Balawajder sought mandamus to compel the United States Attorney and the FBI to investigate and prosecute civil rights violations. Although 28 U.S.C. § 547 states that the United States Attorney shall prosecute for all offenses against the United States, the decision whether to prosecute is left to the United States Attorney's discretion and generally is not reviewable by the courts. United States v. Hall, 559 F.2d 1160, 1163 (9th Cir. 1977); Spillman v. United States, 413 F.2d 527, 530 (9th Cir. 1969); see also United States v. Kysar, 459 F.2d 422 (10th Cir. 1972) (United States Attorney has discretion to prosecute or not to prosecute and that decision is not reviewable by any court); Powell v. Katzenbach, 359 F.2d 234, 234-35 (D.C. Cir. 1965) (mandamus will not lie to control exercise of United States Attorney General's discretion in initiating prosecution); United States v. Cox, 342 F.2d 167, 171 (5th Cir. 1965) (courts are not to interfere with exercise of discretionary powers of United States Attorneys). Similarly, 28 U.S.C. § 535 states that the FBI may investigate violations of title 18, leaving the decision to investigate within the FBI's discretion. Mandamus will not issue to compel the United States Attorney and the FBI to perform these discretionary responsibilities.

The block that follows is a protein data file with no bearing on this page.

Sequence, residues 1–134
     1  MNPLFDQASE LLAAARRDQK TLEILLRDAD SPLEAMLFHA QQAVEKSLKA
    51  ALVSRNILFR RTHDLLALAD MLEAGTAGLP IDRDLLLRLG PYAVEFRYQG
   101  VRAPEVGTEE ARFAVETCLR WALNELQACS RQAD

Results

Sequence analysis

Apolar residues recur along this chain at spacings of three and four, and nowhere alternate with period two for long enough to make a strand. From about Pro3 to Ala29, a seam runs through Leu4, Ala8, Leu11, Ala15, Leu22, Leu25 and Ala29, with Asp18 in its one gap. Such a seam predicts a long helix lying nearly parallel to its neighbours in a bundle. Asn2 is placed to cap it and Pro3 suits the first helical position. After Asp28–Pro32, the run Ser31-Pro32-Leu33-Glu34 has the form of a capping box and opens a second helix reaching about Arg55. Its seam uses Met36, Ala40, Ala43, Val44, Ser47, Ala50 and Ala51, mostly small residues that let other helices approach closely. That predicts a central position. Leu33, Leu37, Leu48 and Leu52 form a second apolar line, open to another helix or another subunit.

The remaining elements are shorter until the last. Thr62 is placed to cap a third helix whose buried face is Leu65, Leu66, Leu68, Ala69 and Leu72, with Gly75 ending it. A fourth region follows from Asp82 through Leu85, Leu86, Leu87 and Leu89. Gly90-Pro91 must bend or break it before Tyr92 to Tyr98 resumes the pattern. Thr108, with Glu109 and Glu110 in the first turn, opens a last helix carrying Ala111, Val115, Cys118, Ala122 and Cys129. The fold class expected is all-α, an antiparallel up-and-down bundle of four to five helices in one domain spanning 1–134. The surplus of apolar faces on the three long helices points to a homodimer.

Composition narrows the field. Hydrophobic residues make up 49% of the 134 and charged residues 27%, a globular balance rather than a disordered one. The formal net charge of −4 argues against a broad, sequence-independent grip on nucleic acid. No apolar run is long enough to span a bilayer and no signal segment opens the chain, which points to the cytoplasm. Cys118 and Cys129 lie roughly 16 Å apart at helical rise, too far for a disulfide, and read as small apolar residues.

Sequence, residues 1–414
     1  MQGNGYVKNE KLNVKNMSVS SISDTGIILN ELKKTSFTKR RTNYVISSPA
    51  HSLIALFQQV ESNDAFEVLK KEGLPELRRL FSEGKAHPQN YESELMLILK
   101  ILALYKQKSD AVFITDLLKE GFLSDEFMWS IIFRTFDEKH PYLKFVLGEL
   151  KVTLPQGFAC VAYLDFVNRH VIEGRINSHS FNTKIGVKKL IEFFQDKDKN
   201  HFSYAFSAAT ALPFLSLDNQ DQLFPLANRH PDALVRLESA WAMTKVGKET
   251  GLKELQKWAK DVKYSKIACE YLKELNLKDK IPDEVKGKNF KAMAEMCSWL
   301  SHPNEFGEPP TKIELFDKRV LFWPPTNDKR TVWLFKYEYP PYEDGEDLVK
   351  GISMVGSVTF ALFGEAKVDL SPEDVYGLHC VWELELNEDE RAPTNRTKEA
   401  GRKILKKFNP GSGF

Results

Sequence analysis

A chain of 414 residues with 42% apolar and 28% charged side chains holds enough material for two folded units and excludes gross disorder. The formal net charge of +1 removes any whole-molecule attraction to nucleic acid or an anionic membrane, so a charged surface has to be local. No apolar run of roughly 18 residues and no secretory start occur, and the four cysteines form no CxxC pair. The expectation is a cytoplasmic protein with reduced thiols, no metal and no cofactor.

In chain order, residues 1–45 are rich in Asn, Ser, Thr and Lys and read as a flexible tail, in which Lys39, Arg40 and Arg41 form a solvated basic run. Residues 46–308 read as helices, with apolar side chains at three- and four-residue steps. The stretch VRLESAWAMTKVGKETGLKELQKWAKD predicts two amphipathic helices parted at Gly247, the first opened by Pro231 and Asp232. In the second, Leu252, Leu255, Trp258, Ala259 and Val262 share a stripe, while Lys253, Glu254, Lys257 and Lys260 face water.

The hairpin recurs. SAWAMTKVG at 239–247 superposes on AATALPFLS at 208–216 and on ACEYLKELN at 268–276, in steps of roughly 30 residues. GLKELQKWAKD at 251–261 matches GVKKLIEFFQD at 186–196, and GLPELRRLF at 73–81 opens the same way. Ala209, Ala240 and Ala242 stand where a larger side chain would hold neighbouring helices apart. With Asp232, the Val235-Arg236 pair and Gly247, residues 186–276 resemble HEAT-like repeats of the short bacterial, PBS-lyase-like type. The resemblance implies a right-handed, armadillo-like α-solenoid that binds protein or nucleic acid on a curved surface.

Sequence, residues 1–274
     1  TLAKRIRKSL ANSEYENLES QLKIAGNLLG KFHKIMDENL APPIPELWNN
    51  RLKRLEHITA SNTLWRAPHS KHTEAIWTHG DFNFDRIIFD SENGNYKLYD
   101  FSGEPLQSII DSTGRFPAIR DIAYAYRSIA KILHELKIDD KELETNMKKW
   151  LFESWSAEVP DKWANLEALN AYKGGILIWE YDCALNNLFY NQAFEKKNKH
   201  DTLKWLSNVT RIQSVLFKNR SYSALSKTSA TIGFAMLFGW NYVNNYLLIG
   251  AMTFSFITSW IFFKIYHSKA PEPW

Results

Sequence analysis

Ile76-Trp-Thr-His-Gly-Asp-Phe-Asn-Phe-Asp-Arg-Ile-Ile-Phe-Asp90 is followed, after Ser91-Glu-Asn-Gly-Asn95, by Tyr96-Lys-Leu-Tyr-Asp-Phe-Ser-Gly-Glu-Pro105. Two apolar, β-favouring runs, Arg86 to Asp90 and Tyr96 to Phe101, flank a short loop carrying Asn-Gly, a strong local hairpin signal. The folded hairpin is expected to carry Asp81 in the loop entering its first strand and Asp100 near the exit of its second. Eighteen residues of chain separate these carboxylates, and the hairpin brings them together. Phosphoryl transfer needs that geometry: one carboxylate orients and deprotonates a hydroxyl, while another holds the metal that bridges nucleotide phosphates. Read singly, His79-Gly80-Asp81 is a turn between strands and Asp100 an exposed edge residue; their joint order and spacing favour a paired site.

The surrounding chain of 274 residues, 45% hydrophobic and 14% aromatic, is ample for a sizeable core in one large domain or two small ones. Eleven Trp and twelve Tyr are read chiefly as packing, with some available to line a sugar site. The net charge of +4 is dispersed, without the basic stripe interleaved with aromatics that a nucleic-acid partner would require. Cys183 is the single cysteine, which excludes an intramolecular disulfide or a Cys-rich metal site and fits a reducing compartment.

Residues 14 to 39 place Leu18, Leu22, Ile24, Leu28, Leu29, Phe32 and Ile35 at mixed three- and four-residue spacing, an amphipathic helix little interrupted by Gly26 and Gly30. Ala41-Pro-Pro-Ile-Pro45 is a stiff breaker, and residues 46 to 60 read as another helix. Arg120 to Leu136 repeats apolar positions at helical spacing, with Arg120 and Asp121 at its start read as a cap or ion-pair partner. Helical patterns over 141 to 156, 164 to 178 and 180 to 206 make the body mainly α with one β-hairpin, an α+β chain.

Fed. R. Civ. P. 61 states " [t]he court at every stage of the proceeding must disregard any error or defect in the proceeding which does not affect the substantial rights of the parties." While we are somewhat hesitant to say that a district court order erroneously dismissing the wrong action is harmless error, it is entirely clear as a matter of law that Balawajder would not be entitled to a writ of mandamus in this case. Therefore, we find the error harmless here.



No. 87-1686 is an appeal from a district court order dated December 31, 1986, dismissing D.C. No. C-86-20824-SW. No. 88-2591 is an appeal from a subsequent district court order dated March 31, 1988, which also dismisses D.C. No. C-86-20824-SW and incorporates the earlier order by reference


The panel finds this case appropriate for submission without oral argument pursuant to Fed. R. App. P. 34(a) and 9th Cir.R. 34-4


This disposition is not appropriate for publication and may not be cited to or by the courts of this circuit except as provided by 9th Circuit R. 36-3